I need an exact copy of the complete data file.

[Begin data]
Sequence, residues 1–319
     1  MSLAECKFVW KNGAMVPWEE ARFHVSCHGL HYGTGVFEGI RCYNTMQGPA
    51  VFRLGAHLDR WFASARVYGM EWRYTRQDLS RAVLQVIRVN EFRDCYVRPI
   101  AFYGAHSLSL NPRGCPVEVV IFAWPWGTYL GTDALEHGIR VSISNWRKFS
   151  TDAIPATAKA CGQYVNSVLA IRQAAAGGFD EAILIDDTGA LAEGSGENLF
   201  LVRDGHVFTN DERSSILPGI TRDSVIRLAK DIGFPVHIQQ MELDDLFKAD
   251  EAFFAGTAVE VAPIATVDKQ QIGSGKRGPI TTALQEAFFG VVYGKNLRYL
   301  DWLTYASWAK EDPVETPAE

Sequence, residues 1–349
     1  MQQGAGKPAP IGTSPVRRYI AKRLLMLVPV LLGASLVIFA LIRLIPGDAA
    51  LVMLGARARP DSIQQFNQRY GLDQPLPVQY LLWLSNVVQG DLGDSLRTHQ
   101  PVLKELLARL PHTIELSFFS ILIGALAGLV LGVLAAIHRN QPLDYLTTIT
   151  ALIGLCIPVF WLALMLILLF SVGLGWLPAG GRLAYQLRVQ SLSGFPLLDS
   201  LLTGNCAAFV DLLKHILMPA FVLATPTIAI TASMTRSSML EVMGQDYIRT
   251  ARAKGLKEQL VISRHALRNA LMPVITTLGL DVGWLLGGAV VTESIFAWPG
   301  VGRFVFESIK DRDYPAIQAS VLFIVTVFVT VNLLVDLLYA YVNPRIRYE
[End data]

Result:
Sequence, residues 1–319
     1  MSLAECKFVW KNGAMVPWEE ARFHVSCHGL HYGTGVFEGI RCYNTMQGPA
    51  VFRLGAHLDR WFASARVYGM EWRYTRQDLS RAVLQVIRVN EFRDCYVRPI
   101  AFYGAHSLSL NPRGCPVEVV IFAWPWGTYL GTDALEHGIR VSISNWRKFS
   151  TDAIPATAKA CGQYVNSVLA IRQAAAGGFD EAILIDDTGA LAEGSGENLF
   201  LVRDGHVFTN DERSSILPGI TRDSVIRLAK DIGFPVHIQQ MELDDLFKAD
   251  EAFFAGTAVE VAPIATVDKQ QIGSGKRGPI TTALQEAFFG VVYGKNLRYL
   301  DWLTYASWAK EDPVETPAE

Sequence, residues 1–349
     1  MQQGAGKPAP IGTSPVRRYI AKRLLMLVPV LLGASLVIFA LIRLIPGDAA
    51  LVMLGARARP DSIQQFNQRY GLDQPLPVQY LLWLSNVVQG DLGDSLRTHQ
   101  PVLKELLARL PHTIELSFFS ILIGALAGLV LGVLAAIHRN QPLDYLTTIT
   151  ALIGLCIPVF WLALMLILLF SVGLGWLPAG GRLAYQLRVQ SLSGFPLLDS
   201  LLTGNCAAFV DLLKHILMPA FVLATPTIAI TASMTRSSML EVMGQDYIRT
   251  ARAKGLKEQL VISRHALRNA LMPVITTLGL DVGWLLGGAV VTESIFAWPG
   301  VGRFVFESIK DRDYPAIQAS VLFIVTVFVT VNLLVDLLYA YVNPRIRYE